By Steve Moran

I offer up this article with some trepidation, fearing that I may, in my own tiny way, be contributing to unwarranted panic. The problem is that sometimes panic is warranted, and more importantly, preparation is the best antidote to panic.

So far COVID-19, the official name, is mostly still in China, but the footprint seems to be growing by the day. As of February 24, it looks like this, according to the World Health Organization:

  • It is not a pandemic, meaning it is not spreading in an uncontained way. “What we are seeing are epidemics in different parts of the world.” I would note there are others who feel like the WHO is understating the scope in an effort to avoid panic.
  • There are 79,339 cases in 30 countries and 2,619 deaths.
  • There has been a rapid uptick in the number of cases in Iran, Italy, and South Korea.
  • There are less than 50 reported cases in the US and a much smaller number in Canada (this excludes the 47 Canadians who were infected on the Princess cruise ship).

Potential Senior Living Impact

If COVID-19 gains a foothold in North America it would likely have the following impacts:

  • The most obvious is that the older people we care for are at a higher risk of contracting and dying from the virus.
  • If it becomes widespread, it will impact staff availability, potentially in three ways:
    1. If team members are infected, they will not be able to work.
    2. If team members have a family member who is infected, they won’t be able to work because of the potential exposure risk and because they will likely be needed at home to care for those who are sick.
    3. There is a very real chance that getting food and other supplies might be more difficult, because of legally required isolation.

Do Something

There is no reason to panic but there are things senior living communities might want to think about doing. By doing some or all of these things it will make the community better prepared and will give residents, teams, and family members confidence in your leadership.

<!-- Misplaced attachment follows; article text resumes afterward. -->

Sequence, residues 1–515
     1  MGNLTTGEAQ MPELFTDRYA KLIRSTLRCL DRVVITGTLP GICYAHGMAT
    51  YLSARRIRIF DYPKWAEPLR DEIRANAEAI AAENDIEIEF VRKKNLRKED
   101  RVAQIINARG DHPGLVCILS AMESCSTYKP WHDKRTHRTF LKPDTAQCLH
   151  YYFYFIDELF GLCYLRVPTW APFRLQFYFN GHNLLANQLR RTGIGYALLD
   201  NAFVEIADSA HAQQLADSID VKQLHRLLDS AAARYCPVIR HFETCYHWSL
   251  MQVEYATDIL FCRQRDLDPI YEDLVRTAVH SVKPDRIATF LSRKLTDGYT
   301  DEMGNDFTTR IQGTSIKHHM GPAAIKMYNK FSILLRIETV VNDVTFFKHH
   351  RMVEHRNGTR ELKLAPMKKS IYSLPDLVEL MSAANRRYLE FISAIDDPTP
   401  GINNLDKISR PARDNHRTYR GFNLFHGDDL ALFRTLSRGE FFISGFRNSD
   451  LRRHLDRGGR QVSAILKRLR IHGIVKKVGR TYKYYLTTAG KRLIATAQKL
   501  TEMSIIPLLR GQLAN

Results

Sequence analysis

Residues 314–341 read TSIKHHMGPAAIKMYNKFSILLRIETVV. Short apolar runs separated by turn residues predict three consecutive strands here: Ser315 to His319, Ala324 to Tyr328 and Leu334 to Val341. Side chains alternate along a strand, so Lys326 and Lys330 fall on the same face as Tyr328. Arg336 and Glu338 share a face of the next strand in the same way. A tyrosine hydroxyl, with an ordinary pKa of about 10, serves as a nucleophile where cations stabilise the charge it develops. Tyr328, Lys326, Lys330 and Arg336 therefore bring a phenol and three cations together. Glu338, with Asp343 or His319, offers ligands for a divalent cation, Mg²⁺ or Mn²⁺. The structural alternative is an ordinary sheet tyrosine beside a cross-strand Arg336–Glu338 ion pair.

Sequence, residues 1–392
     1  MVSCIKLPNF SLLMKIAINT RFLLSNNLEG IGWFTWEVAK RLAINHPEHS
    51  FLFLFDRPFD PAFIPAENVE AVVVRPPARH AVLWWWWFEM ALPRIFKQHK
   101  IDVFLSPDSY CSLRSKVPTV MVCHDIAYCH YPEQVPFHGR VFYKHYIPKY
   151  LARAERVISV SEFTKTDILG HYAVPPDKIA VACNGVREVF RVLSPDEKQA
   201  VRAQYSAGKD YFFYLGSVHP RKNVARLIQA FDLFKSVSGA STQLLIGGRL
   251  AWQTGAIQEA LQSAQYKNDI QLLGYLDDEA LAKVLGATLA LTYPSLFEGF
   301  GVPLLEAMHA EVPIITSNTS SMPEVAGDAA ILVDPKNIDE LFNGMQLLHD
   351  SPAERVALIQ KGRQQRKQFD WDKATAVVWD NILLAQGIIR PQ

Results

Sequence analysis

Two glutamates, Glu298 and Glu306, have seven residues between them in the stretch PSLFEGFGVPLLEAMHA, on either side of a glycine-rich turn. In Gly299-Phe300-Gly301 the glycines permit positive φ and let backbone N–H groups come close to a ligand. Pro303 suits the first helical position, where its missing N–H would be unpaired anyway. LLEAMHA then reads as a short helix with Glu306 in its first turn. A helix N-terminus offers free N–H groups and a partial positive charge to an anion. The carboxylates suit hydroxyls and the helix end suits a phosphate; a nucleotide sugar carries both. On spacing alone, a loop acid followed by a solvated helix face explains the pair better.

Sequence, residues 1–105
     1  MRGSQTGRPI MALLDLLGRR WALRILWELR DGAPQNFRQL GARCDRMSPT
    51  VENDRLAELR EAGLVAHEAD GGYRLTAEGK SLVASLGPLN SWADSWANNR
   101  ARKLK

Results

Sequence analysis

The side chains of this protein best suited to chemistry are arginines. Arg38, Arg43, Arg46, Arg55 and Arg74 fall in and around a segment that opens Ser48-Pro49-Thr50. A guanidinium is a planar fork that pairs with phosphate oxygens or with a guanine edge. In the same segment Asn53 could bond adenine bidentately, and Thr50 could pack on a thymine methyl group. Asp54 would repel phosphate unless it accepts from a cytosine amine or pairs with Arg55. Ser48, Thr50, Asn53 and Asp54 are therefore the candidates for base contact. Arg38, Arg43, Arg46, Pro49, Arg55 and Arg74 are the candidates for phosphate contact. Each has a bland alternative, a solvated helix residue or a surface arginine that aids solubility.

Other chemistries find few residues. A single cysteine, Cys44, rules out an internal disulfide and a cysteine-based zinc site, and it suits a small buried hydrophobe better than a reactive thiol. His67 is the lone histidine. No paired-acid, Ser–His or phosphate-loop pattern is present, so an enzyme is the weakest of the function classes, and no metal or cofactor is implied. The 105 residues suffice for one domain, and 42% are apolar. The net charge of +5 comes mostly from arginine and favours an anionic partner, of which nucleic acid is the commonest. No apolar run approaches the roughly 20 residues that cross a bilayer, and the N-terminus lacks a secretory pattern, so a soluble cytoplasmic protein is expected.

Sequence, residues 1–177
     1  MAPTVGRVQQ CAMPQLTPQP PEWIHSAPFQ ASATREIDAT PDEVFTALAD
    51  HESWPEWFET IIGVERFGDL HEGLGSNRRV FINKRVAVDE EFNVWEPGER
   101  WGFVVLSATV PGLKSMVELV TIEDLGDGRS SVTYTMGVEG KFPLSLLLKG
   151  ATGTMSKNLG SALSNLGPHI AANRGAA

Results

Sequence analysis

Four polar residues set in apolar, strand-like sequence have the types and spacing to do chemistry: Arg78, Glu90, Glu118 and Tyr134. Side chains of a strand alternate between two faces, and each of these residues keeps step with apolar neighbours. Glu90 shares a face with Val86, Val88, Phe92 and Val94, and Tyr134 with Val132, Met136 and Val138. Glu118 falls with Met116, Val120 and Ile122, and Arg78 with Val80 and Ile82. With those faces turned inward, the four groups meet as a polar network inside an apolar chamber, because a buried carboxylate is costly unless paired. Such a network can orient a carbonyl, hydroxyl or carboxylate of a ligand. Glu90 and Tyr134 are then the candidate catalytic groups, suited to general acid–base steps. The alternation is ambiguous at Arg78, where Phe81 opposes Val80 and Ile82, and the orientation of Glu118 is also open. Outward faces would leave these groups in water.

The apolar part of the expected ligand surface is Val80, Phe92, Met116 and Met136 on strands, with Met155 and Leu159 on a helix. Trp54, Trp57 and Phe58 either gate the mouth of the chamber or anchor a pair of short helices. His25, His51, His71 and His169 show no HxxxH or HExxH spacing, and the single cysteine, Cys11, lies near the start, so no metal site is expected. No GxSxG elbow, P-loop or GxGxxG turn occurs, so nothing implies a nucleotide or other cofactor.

• Have everyone in the community double down on handwashing; at least 20 seconds with soap.
  • Ask people to work on not touching their faces with their hands. We all do this dozens of times every day.
  • Think about cross-training team members above and beyond what you are already doing.
  • Increase your food inventory. There are two reasons for doing this: the first is for your residents, but it is also possible that your team members will face temporary food shortages. Having basics you can sell them or give them will go a long way in cementing your relationship with them and could prevent serious hardship.
  • MESSAGE THAT YOU ARE DOING SOMETHING AND WHAT YOU ARE DOING. This is critical and, if it becomes a pandemic you will be better prepared to deal with it. If it doesn’t, you will still look good for thinking about the unexpected.

Masks and Isolation

There is no evidence that wearing masks as a preventative measure is making any difference. However if you have someone who you suspect of being infected, their wearing a mask might make sense, although this can be problematic for some older people.

Right now isolation is not a problem, any resident who is diagnosed with COVID-19 will go to the hospital. If it becomes a pandemic, it is possible that you will end up having to have residents in isolation, so it is something that is worth thinking about.

I found this article that comes out of Australia to be helpful and practical.

Finally, I would love to hear what you are doing in the way preparation, if anything.